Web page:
By Nick Bourne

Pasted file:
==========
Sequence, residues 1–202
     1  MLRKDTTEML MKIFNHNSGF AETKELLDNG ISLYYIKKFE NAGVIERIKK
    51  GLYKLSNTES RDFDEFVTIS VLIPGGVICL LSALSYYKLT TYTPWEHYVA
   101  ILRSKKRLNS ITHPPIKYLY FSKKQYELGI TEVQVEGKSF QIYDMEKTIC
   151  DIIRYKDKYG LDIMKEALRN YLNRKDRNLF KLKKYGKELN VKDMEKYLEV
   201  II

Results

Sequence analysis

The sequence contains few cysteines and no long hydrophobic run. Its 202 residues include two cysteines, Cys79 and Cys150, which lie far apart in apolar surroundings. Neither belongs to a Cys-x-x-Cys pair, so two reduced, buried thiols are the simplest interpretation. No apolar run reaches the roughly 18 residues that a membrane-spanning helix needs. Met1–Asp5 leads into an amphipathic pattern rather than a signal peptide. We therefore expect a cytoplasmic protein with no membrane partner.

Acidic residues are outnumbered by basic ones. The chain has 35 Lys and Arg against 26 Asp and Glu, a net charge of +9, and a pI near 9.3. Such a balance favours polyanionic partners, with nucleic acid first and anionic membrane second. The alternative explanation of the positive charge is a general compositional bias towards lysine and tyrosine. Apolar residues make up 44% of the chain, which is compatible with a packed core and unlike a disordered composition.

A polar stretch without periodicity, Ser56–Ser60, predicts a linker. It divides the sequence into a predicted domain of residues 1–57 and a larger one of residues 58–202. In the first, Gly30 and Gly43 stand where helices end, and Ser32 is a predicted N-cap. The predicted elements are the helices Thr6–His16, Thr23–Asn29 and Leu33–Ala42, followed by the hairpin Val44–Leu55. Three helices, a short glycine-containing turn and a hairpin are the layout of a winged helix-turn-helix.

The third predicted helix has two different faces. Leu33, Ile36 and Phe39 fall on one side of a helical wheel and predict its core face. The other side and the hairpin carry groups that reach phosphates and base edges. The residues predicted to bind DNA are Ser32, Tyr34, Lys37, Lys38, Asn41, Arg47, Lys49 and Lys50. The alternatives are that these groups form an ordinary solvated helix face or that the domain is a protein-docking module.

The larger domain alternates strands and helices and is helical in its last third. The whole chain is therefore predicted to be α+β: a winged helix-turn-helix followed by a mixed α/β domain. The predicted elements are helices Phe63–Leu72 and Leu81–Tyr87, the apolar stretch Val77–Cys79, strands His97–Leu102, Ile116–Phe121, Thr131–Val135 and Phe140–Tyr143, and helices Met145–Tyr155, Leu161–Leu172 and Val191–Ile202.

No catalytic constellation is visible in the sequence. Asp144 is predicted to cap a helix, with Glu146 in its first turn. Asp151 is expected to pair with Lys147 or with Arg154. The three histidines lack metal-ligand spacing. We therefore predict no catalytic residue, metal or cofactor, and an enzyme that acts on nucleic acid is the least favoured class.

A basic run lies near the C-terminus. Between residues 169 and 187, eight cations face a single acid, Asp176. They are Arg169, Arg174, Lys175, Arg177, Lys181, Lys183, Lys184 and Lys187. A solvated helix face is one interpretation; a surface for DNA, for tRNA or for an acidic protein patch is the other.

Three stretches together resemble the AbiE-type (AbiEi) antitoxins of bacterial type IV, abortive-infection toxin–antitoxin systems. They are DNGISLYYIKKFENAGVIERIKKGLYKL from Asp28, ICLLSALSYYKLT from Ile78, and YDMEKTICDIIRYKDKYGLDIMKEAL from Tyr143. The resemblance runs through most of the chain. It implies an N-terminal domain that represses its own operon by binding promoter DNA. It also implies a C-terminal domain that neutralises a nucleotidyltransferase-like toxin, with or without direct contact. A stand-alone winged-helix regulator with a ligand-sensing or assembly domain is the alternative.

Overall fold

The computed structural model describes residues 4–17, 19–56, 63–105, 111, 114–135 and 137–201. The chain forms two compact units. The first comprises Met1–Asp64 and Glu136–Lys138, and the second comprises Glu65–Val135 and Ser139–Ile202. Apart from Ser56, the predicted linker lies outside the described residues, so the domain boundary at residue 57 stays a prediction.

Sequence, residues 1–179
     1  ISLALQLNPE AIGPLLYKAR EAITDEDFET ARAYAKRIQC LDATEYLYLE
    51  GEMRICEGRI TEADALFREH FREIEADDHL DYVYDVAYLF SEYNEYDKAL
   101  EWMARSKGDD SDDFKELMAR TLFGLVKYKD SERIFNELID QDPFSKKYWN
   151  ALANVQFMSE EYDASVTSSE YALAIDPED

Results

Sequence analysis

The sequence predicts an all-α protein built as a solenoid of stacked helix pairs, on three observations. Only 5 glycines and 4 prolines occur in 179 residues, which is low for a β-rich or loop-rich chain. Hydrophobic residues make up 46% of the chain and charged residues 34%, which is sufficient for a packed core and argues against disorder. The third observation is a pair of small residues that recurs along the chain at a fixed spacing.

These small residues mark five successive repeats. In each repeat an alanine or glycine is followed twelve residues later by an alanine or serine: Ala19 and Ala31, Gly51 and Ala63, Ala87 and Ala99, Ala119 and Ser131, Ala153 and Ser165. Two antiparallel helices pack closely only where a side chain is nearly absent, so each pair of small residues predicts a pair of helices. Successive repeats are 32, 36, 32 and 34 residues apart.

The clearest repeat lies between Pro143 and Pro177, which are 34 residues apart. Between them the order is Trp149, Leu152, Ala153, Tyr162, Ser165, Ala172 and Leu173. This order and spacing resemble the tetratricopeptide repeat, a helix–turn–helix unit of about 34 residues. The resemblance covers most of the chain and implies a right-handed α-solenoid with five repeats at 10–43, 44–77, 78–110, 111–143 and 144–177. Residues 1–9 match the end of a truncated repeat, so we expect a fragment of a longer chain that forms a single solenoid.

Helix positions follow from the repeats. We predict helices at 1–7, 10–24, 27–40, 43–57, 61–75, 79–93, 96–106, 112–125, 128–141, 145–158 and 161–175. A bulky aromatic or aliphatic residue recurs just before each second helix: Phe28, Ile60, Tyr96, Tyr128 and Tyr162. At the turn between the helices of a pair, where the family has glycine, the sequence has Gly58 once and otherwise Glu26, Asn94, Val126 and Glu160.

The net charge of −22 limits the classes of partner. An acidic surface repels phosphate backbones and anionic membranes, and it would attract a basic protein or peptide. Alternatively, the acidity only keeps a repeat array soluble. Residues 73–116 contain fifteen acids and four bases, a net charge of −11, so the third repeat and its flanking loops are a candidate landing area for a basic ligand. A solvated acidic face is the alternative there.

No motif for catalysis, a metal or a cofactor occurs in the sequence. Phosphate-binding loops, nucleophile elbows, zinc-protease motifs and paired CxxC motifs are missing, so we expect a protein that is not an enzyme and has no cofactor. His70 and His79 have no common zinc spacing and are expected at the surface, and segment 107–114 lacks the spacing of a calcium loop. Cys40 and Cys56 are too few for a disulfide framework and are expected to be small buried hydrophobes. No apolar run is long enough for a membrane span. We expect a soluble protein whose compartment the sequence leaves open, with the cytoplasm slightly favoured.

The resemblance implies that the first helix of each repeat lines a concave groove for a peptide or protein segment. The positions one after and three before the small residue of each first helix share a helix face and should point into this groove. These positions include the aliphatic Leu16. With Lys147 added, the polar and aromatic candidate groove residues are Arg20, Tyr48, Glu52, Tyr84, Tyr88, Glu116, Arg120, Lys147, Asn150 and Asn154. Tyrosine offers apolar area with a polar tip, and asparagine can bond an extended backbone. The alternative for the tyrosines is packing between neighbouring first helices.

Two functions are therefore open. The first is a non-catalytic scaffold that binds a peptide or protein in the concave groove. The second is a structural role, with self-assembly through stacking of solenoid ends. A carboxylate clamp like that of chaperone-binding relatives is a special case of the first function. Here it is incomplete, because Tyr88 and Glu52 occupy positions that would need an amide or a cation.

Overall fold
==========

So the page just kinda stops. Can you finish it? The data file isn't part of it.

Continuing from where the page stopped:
This paper will chronicle the rise of the Soviet “Big Red Sports Machine,” associated sport science and most significantly, the advent of modern day periodization. Periodization can be defined as the systematic, cyclical manipulation of training and competitive workload designed to achieve the relative balance between stress and recovery necessary to achieve optimal gains in human sporting performance. The origins of periodization can be traced to ancient Greece where the earliest written histories of athletes were recorded. Following World War II and the battle for world ideological supremacy, the Soviet Union utilised sport as a political tool in an attempt to demonstrate the superiority of its Communist system. Integral to achieving the best sporting results was the application of “cutting edge” sport science and the advent of modern day periodization. Instrumental in the genesis of training theory was Professor Lev Pavlovich Matveyev of the Central State Institute of Physical Culture in Moscow, the so-called “Father” of periodization. After introducing his research in 1962, Matveyev published The Fundamentals of Sports Training in 1965—a book that subsequently was translated into more than forty languages. To help formulate his ideas, Matveyev analysed the athletic performances and training profiles of several thousand top athletes in events that could be easily quantified such as track and field, swimming and weight lifting. From the gathered data he derived the theory of periodization that guided the training process and facilitated peaking at the right time. Periodization would go on to revolutionise athletic training and performance, so much so that by the turn of the 21st-century, periodization formed the foundation of most modern coaching theory and practice and the basis of every serious athlete’s training. With the use of primary research including an interview with Professor Matveyev the paper will chronicle the genesis, evolution and impact of periodization.